|Born||November 25, 1969|
Kansas City, Missouri
|Listed height||6 ft 4 in (1.93 m)|
|Listed weight||208 lb (94 kg)|
|High school||Paseo Academy|
(Kansas City, Missouri)
|NBA draft||1992 / Round: 1 / Pick: 15th overall|
|Selected by the Los Angeles Lakers|
|Number||1, 7, 44, 8|
|1992–1996||Los Angeles Lakers|
|Career highlights and awards|
|Career NBA statistics|
|Points||8,017 (9.7 ppg)|
|Rebounds||2,136 (2.6 rpg)|
|Assists||1,955 (2.4 apg)|
|Stats at Basketball-Reference.com|
Anthony Eugene Peeler (born November 25, 1969) is an American retired professional basketball player, having played for a number of NBA teams from 1992 to 2005. He later became an assistant coach at NCAA Division II Virginia Union University.
Peeler was a standout high school player at Paseo High School in Kansas City, Missouri where he earned the title of "Mister Show-Me" (the name for the states Mr. Basketball) and was named to the McDonald's All-American team his senior year. The 1988-89 edition of The Sporting News Basketball Preview issue rated Peeler as the 3rd best incoming college freshman in the country, behind Alonzo Mourning and Billy Owens. (Other highly touted recruits in this class - Shawn Kemp, Kenny Williams, Stanley Roberts, etc. - were not listed because they were ineligible to play under the NCAA's Proposition 48 guidelines.) He reportedly planned on attending the University of Kansas, but changed his mind because he wasn't sure if Kansas coach Larry Brown would be leaving to coach elsewhere (Brown indeed left Kansas to coach the NBA's San Antonio Spurs.), and because he, in his words, "didn't want to be a one-man team."  Peeler chose the University of Missouri and went on to be one of the school's all-time greats.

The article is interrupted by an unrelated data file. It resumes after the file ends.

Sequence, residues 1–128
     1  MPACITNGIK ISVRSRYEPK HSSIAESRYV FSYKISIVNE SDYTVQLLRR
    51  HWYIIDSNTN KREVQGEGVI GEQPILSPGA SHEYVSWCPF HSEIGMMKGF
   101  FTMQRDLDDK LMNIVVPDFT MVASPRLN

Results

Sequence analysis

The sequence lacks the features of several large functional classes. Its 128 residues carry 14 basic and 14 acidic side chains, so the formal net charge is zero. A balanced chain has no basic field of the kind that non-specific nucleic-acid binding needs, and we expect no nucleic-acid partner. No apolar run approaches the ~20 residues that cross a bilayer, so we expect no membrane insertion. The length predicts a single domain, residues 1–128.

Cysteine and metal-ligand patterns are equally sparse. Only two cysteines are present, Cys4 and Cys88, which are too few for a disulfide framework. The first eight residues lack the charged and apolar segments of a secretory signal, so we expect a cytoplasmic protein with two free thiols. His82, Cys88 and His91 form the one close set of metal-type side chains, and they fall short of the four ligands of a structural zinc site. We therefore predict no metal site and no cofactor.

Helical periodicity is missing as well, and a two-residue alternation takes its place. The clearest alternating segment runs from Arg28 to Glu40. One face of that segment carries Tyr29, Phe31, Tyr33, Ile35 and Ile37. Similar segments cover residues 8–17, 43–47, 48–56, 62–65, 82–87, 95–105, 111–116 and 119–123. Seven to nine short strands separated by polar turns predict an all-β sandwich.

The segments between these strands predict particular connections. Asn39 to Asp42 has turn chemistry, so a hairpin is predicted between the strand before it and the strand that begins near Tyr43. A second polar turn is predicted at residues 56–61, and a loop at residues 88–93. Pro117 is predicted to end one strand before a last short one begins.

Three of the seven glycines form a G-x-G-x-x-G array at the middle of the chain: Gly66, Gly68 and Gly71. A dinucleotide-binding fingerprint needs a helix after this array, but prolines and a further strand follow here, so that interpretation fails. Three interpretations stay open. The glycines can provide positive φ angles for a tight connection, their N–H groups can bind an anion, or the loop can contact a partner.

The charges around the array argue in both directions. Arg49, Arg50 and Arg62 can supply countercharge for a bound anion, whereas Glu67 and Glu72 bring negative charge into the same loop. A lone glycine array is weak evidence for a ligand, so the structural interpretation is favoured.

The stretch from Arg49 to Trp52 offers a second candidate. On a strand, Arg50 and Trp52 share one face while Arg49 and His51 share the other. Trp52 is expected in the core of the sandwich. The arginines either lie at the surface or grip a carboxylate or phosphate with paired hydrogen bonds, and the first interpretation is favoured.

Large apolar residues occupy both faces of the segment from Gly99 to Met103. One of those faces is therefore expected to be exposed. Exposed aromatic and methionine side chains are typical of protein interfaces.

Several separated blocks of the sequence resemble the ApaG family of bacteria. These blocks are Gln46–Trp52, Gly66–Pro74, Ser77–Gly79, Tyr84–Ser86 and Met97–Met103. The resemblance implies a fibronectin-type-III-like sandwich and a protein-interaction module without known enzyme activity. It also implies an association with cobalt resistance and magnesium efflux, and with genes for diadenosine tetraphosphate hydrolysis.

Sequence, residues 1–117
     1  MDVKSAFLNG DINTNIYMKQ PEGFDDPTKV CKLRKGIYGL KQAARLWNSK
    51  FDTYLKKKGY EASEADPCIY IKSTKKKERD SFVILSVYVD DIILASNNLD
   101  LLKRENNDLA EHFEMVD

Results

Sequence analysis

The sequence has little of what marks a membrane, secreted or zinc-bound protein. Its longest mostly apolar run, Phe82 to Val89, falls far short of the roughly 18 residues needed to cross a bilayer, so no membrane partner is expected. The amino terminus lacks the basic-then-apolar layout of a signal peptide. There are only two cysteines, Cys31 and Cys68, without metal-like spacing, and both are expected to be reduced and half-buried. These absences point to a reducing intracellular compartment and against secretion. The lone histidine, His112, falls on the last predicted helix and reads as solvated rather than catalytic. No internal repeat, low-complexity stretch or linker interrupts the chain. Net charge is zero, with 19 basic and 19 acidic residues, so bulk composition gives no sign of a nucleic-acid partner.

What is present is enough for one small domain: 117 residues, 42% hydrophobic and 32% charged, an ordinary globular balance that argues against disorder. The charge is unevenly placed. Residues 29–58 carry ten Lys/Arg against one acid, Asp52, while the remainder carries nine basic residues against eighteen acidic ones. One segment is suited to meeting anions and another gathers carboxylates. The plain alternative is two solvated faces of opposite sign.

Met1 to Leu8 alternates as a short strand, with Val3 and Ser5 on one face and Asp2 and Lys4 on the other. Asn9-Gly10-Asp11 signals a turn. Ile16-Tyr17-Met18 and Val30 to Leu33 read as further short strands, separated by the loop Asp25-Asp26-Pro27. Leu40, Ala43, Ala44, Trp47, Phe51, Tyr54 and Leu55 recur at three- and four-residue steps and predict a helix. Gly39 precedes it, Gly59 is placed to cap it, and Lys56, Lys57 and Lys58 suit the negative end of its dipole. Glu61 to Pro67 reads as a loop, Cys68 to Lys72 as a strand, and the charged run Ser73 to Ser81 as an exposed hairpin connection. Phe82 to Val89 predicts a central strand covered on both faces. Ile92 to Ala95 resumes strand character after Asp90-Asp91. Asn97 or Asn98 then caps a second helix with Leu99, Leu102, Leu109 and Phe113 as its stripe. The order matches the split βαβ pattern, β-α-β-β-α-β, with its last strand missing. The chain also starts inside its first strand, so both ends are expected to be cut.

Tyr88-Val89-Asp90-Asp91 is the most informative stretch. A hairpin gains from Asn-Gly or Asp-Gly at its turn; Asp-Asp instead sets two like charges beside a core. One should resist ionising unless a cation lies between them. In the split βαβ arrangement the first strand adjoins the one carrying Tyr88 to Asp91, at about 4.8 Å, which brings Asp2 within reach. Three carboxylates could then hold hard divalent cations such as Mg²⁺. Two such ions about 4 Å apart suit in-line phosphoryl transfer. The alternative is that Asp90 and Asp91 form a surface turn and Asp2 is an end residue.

Anthony Peeler averaged 16.8 points per game for his Tiger career and left as Missouri's all-time third leading scorer with 1,970 points, and the all-time leader in assists (497) and steals (196). During his career, Peeler was named first-team All-Big Eight, and in 1992 (his senior year) he was named the conference AP Player of the Year and Male Athlete of the Year and a consensus second team All-American after averaging 23.4 points, 5.5 rebounds and 3.9 assists per game, and scored a career-high 43 points in a losing cause against arch rival Kansas. Missouri finished 21-9 that season and reached the 2nd round of the NCAA tournament, where they lost to Seton Hall.
In 2006, Peeler was named to the Missouri's 30-member All-Century team, in honor of the school's 100th year of competition.
After his college eligibility was up, Peeler was drafted 15th overall by the Los Angeles Lakers in the 1992 NBA draft. Peeler was one of the top 3 shooting guards available (along with Harold Miner and Jim Jackson) and was considered an NBA lottery pick, but his stock dropped off due to off-the-court legal issues. Peeler was placed on 5 years of probation stemming from an altercation with a woman on the campus of Missouri; and was accused, mere days before the draft, of being involved in another altercation, this time with an ex-girlfriend he knew from high school. But the Lakers felt that drafting Peeler would be worth the risk if he could help revitalize their backcourt, which was still reeling from Magic Johnson's retirement and only had aging veterans Sedale Threatt and Byron Scott as the legitimate remaining threats at the guard spots.